I was one of a handful of Senators, Mr. President, that fought for the creation of the fiscal commission and I have supported efforts from both Republicans and Democrats to responsibly reduce the deficit.
And while I believe we have reached a defining moment in a country which cannot be wasted, I also know that we can't afford to play Russian roulette with our economy.
What our country needs is for Congress to come together and build consensus around a comprehensive long-term deficit reduction package that will put us on the track to prosperity. Ever since the economic downturn, families across the country have huddled around the kitchen table, making tough choices about what they hold most dear and what they can learn to live without. They expect and deserve their leaders to do the same. The American people are counting on us to put politics aside, pull together, not pull apart and agree on a plan to live within our means and make America strong for the long haul.
If we are going to succeed in this challenge, we will ultimately have to accept things that we don't necessarily agree with. It is the only way to develop a plan that is both balanced and comprehensive.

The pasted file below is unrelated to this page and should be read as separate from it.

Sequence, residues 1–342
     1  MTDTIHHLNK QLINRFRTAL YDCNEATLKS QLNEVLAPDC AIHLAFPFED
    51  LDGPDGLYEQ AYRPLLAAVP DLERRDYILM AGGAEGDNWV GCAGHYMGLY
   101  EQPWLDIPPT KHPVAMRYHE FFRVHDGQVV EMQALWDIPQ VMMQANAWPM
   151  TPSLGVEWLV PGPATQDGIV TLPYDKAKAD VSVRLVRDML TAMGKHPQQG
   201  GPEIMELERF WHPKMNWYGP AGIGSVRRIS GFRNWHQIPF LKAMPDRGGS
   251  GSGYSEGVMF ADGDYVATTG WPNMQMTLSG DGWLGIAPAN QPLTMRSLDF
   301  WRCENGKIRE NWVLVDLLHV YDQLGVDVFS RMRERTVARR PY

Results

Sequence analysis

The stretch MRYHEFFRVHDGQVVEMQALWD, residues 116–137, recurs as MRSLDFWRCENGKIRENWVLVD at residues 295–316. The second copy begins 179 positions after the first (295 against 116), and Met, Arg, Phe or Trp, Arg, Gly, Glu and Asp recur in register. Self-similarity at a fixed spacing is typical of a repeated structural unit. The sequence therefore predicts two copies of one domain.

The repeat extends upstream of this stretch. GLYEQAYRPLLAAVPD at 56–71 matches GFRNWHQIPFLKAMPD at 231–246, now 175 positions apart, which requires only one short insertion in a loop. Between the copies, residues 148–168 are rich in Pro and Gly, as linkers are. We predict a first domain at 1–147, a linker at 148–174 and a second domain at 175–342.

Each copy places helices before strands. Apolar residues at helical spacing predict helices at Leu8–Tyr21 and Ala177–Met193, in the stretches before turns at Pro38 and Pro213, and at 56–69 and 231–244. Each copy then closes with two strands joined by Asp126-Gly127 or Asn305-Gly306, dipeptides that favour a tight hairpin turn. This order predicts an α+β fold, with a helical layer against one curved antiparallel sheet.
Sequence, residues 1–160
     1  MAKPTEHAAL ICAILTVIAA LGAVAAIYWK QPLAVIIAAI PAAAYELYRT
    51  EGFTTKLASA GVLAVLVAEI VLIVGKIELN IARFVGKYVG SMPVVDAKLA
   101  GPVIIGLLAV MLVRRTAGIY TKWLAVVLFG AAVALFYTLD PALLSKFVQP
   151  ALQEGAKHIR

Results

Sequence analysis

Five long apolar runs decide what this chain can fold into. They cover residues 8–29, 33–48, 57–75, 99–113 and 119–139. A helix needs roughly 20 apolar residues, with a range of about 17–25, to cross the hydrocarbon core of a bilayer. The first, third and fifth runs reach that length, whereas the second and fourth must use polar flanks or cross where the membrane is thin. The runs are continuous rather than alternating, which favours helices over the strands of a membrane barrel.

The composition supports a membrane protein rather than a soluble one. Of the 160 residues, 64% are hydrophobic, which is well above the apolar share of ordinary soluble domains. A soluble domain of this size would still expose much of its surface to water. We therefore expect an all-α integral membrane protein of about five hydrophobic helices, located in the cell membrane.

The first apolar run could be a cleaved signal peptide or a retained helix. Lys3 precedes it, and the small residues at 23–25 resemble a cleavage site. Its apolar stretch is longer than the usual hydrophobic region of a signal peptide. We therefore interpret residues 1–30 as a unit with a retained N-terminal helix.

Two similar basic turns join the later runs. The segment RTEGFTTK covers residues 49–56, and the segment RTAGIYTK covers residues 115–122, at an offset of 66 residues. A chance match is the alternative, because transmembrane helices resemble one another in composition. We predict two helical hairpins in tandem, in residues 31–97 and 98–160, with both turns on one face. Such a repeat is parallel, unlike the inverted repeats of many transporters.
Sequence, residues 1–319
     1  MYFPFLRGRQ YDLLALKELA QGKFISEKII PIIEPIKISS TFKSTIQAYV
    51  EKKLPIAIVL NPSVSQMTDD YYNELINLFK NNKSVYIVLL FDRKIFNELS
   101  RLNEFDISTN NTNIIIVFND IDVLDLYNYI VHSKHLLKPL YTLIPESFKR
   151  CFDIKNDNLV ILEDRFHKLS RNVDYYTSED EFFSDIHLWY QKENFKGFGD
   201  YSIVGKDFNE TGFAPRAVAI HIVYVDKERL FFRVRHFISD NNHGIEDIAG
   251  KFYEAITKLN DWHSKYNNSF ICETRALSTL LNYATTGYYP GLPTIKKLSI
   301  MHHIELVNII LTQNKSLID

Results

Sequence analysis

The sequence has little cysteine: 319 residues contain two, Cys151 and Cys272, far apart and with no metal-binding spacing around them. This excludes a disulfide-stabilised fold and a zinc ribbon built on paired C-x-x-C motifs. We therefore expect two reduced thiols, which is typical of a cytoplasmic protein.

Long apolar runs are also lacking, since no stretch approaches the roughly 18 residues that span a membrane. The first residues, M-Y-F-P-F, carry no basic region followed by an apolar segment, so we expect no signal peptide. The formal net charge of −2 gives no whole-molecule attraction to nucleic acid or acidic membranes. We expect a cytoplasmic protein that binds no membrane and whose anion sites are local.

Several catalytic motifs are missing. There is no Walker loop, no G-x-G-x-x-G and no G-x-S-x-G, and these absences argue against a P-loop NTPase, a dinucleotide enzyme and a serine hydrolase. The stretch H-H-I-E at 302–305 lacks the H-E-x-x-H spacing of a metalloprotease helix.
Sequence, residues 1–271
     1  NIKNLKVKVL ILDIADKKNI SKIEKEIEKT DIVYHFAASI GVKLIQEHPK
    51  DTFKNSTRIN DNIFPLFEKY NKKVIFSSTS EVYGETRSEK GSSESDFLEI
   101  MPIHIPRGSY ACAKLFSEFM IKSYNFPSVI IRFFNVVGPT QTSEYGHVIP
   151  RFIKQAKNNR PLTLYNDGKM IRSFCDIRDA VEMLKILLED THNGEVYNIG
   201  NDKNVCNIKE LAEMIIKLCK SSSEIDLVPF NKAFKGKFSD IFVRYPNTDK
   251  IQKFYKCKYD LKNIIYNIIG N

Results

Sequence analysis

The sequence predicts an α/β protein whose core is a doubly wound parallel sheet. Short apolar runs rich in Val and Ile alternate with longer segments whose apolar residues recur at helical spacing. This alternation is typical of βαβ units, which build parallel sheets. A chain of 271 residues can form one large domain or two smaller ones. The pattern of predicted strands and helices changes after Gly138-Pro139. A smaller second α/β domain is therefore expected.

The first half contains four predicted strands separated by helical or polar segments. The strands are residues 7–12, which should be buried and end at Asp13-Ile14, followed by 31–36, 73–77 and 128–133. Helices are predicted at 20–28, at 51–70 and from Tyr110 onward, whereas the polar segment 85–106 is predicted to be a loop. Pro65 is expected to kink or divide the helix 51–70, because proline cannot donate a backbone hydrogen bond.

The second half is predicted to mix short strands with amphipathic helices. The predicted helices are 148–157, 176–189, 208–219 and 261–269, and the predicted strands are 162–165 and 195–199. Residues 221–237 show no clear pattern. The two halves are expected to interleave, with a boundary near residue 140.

We already know much of what will need to be done. Our failure to act has not been because we lack solutions but because too often congress has lacked the political will to get behind a consensus proposal.
After months of debate, it is clear what sort of plan is needed to garner the support necessary to get us across the finish line.
First, the solution should match the scale of the problem. I'd like to see one that produces around $4 trillion in deficit reductions over the next decade.
Second, it should include a mix of revenue with realistic spending cuts. One example we're seeing right now, Mr. President, in the area of biofuels. The biofuels industry has been willing to put a big chunk of change on the table, right in the middle of the year as we're working with Senator Thune and Senator Feinstein on an agreement in which it would be a template where one industry says okay, we understand we have got a big problem here, we're willing to put money up front for the debt, we're willing to look at what we need to do in the long-term to have a secure energy policy but also to help with the debt and end this subsidy. We'd like to see oil, Mr. President, do the same thing. We'd like to see a lot of these loopholes proposed, a lot of -- closed, a lot of these subsidies end and to do it in a smart way. The budget that Senator Conrad has been working on with the budget committee is an example of the mix of those revenues and spending cuts. That's what we have to look at, Mr. President.
Third, we must be able to achieve bipartisan support with a proposal, which is why I continue to support the work that has been done by the Gang of Six.